The almanac

By United Press International
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Today is Saturday, March 23, the 82nd day of 2013 with 283 to follow.

The moon is waxing. The morning stars are Neptune, Mercury, Venus and Saturn. The evening stars are Mars, Jupiter and Uranus.


Those born on this date were under the sign of Aries. They include pirate Capt. William Kidd in 1645; culinary expert Fannie Farmer in 1857; Czech writer Josef Capek in 1887; psychoanalyst Erich Fromm in 1900; actor Joan Crawford in 1905; Japanese filmmaker Akira Kurosawa in 1910; rocket scientist Wernher von Braun in 1912; Roger Bannister, the first person to run the mile in less than 4 minutes, in 1929 (age 84); land speed racing pioneer Craig Breedlove in 1937 (age 76); former Atlanta Mayor Maynard Jackson Jr., in 1938; musicians Ric Ocasek in 1949 (age 64) and Chaka Khan in 1953 (age 60); television analyst and former NFL player Ron Jaworski in 1951 (age 62); author Kim Stanley Robinson in 1952 (age 61); actors Amanda Plummer in 1957 (age 56) and Keri Russell in 1976 (age 37); and gossip blogger Perez Hilton in 1978 (age 35).


On this date in history:

In 1765, the British Parliament passed the Stamp Act for taxing the American colonies, an action that became a major grievance for rebellious colonials.

In 1775, in a speech supporting the arming of the Virginia militia, Patrick Henry declared, "Give me liberty or give me death."

In 1942, during World War II, Japanese-Americans were forcibly moved from their homes along the Pacific Coast to inland internment camps.

In 1965, Astronauts Gus Grissom and John Young are launched in Gemini 3, the first U.S. two-man crew in space.

In 1966, Pope Paul VI met Britain's archbishop of Canterbury at the Sistine Chapel in the Vatican, the first meeting between the heads of the Roman Catholic and Anglican churches in 400 years.

In 1983, the world's first recipient of a permanent artificial heart, Barney Clark of Seattle, died in a Salt Lake City hospital.

In 1985, the United States completed the secret air evacuation of 800 Ethiopian Jews to Israel.

In 1989, Dick Clark retired from hosting the TV show "American Bandstand" after 33 years.

In 1996, Taiwan elected Lee Teng-hui in the island's first direct presidential election.


In 1998, Russian President Boris Yeltsin fired his entire Cabinet.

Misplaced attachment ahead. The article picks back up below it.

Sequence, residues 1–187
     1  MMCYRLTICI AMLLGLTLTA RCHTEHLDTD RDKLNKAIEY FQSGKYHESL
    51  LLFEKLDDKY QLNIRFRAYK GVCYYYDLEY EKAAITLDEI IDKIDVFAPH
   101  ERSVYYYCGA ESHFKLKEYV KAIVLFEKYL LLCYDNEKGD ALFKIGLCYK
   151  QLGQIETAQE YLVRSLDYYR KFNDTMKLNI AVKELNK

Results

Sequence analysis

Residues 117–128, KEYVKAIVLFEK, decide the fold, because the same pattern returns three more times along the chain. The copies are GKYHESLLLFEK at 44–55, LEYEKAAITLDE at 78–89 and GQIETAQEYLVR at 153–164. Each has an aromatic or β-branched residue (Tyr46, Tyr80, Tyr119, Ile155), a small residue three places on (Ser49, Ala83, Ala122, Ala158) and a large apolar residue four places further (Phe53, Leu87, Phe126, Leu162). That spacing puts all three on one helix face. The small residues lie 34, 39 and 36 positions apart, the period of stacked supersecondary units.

Also in 1998, "Titanic" won 11 Academy Awards, tying the record total won by "Ben-Hur" in 1959.

In 1999, the vice president of Peru was assassinated.

In 2001, the United States expelled 40 Russian diplomats it said were spies. The action had come in response to the arrest of FBI agent and accused Russian spy Robert Hanssen.

Also in 2001, the Russian space station Mir was brought down in the Pacific Ocean near Fiji after more than 15 years in orbit.

In 2003, a U.S. soldier was arrested after allegedly throwing grenades into the tents of three American officers in Kuwait. Two soldiers died, 12 others were wounded.

Also, nine U.S. Marines were killed in Nasiriyah where fellow Marines found 3,000 chemical warfare suits and masks at a hospital.

In 2004, NASA said findings on Mars suggest a sea once covered part of the planet.

In 2005, Iraqi forces attacked a training camp for suspected insurgents west of Baghdad, killing 80 gunmen in one of the largest operations to stamp out terrorism.

Also in 2005, an explosion at a BP refinery in Texas City, Texas, killed 15 workers and severely injured several others.


In 2007, eight British sailors and seven marines on a U.N. mission patrolling the Persian Gulf were seized at gunpoint by members of the Iranian Revolutionary Guard who accused them of being in Iranian waters. The British insisted they were in Iraqi territorial waters.

In 2008, officials said the U.S. military death toll in the Iraq war, in its sixth year, climbed to more than 4,000 with the deaths of four U.S. soldiers in Baghdad. The reported wartime wounded roster passed 29,600.

Also in 2008, a heavy mortar assault on Baghdad's Green Zone killed 62 people.

In 2009, the Mexican government offered rewards of up to $2 million apiece for information leading to the capture of 24 drug kingpins and $1 million each for 13 of their top lieutenants.

In 2010, U.S. President Barack Obama signed the landmark healthcare reform bill into law. The legislation was designed to extend health insurance to some 32 million Americans over a 10-year period.

Also in 2010, a former community doctor with a history of mental health problems was accused of fatally stabbing eight children and injuring five others in an attack at a school in China's Fujian Province.


In 2011, a U.S. soldier pleaded guilty to murder charges accusing him of killing three Afghan civilians for sport. Spc. Jeremy Morlock of Wasilla, Alaska, sentenced to 24 years in prison, told his court-martial, "The plan was to kill people."

In 2012, U.S. President Barack Obama nominated Dartmouth College President Jim Yong Kim to lead the World Bank.

Also in 2012, Pope Benedict XVI condemned the "evil" drug war and its violence before landing in Mexico for a six-day visit to Mexico and Cuba. He said it's the responsibility of the church to "unmask the evil" that spreads money worship, lies and fraud behind drugs.

A thought for the day: Erich Fromm wrote, "That man can destroy life is just as miraculous a feat as that he can create it, for life is the miracle, the inexplicable."

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